Just This Once
Think back to those college days of little responsibility and too much fun. Some of us were so caught up with our desire to “fit in” and be “cool,” that when offered a drink of alcohol or a “hit” of some drug, we simply could not refuse. Many of us probably thought to ourselves, “It’s not a big deal; after all, it is just this one time.” Or is it?
I have never personally connected addiction to neurochemistry, but rather I have always associated addiction with personal choice. It has also never occurred to me that one could become addicted to alcohol or drugs after one single, potentially innocent exposure. Through the study of current neurochemistry research, I have been awakened to the reality that addiction is neurological, NOT personal choice. Addiction has implications in the neurological wiring of our brains that metaphorically TRAPS us in the never-ending cycle of cue exposure, craving, and relapse.
Dopamine: My “Feel Good”
Dopamine, a neurotransmitter involved in reward-motivated behavior, is released in the brain when we partake in something pleasurable, whether that be drugs, alcohol, food, or sex. The dopamine concentration within the brain needs to be regulated in order to ensure proper functioning, which is the main problem in addiction.
There are many types of dopamine receptors in the brain that undergo various biochemical reactions when dopamine binds, but D1 and D2 receptors are of particular importance in the brain’s reward pathway:
D1: Direct reward pathway activation; lower affinity for dopamine (activated by high concentrations of dopamine)
D2: Indirect punishment/aversion pathway inhibition; higher affinity for dopamine (activated by low concentrations of dopamine)
When taking drugs or alcohol, dopamine is released in central brain regions, specifically the nucleus accumbens (NAc) and the ventral tegmental area (VTA). In response to a drug cue or drug itself, dopamine neurons in the VTA cause a rapid increase in dopamine release from the NAc. This rapid type of dopamine release causes stimulation of both low-affinity D1 and high-affinity D2 receptors. When both of these receptors are activated you receive maximal reward (“feel good” feeling), because the D1 receptors stimulate reward feelings and D2 receptors are inhibit/block feelings of aversion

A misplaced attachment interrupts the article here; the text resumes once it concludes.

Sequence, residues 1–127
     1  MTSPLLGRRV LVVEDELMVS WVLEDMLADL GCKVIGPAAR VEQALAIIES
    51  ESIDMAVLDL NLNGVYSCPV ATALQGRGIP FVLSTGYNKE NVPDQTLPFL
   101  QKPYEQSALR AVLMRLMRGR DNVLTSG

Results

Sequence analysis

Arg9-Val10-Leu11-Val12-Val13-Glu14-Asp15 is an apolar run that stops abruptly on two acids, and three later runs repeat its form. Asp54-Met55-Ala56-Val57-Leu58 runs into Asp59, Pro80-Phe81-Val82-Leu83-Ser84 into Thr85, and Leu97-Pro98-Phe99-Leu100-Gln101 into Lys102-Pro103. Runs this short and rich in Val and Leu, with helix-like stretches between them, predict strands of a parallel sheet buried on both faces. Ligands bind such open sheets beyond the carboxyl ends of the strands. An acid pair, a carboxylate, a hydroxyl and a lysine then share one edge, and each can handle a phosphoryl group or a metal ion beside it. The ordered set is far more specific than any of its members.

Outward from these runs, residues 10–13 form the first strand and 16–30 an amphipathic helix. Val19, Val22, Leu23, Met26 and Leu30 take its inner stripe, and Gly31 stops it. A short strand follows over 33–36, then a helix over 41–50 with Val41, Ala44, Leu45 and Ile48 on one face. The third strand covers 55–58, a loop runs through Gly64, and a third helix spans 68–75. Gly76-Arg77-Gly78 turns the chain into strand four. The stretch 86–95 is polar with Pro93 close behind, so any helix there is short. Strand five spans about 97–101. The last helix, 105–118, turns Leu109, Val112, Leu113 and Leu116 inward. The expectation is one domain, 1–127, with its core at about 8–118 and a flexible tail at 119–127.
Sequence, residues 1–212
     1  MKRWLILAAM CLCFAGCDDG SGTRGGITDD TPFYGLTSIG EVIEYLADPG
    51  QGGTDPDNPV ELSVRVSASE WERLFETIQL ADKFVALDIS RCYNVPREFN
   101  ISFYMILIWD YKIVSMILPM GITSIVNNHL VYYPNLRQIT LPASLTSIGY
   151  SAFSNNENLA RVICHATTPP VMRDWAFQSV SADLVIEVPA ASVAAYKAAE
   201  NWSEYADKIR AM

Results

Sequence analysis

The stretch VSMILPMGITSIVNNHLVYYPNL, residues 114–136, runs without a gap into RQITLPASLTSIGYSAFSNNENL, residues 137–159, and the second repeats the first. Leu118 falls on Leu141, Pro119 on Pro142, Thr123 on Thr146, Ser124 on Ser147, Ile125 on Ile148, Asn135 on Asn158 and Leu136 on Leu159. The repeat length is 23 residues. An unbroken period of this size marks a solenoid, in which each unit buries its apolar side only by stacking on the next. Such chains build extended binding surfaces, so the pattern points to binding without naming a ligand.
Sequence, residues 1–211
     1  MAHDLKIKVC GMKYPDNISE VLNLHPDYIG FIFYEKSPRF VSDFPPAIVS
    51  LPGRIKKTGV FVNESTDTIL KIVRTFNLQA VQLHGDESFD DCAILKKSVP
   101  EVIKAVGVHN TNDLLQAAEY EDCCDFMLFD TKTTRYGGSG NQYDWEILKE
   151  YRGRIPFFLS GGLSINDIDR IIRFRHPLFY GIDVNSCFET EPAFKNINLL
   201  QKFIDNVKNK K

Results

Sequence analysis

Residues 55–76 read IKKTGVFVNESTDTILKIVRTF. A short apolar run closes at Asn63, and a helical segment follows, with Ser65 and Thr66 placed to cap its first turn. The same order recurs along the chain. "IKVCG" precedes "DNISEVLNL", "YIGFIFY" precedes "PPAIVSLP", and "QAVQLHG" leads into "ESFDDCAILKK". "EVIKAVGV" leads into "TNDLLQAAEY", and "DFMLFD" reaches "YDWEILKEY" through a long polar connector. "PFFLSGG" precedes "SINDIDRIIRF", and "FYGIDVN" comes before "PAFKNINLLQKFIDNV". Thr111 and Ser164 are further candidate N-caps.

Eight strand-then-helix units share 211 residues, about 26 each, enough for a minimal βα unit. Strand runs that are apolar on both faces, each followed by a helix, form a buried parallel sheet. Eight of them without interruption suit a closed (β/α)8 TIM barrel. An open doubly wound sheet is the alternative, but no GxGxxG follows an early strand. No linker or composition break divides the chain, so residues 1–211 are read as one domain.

Depending on various factors (genetics, age, type of drug, etc.), one could become addicted after their first substance exposure, or may never form an addiction even after numerous uses. When you abuse substances and dopamine is released in significant quantities in the brain, the high-affinity D2 receptors become overstimulated. Over time your body tries to regulate this overstimulation by lessening the number of D2 receptors in the brain. This requires you to take more of a drug or drink more alcohol in order to achieve the same maximal reward and “feel good,” also known as tolerance. This down-regulation of D2 receptors also leads to a lack of prefrontal cortex stimulation (responsible for decision-making), and thus a decrease in self-control and an increase in compulsive behavior.
During drug or alcohol use, the brain creates reward circuits and strengthens connections with the hippocampus (memory center) and amygdala (emotion center). Due to these connections, drug and alcohol use are associated with “cues,” such as a specific location, person, or time of day. These cues remind you of using drugs or alcohol, and when exposed to these cues, dopamine is released within the VTA and NAc, giving you that CRAVING feeling we all know far too well. The strong, built-up neural connections in the reward pathway associated with the abused drug(s) or alcohol TRAP you inside of a cycle of craving and impulsive behavior that ultimately lead to relapse.
Can one ever escape from this viscous cycle? The neural connections in the reward pathway associated with abused substances are strong and do not disappear rapidly, even after the cessation of substance use. Currently, there is minimal research on whether the brain is able to restore itself to normal circuity after one ceases from using the previously abused substance. Brain stimulation is at the forefront of addiction treatment research, but has yet to be approved by the FDA due to many associated risks and side-effects. If there is one thing that you take away from this blog, it would be that addiction is NOT a personal choice, it is a neurological disorder, one that is relentless and extremely difficult to treat. So next time someone offers you a “hit” or a “pull,” think twice.
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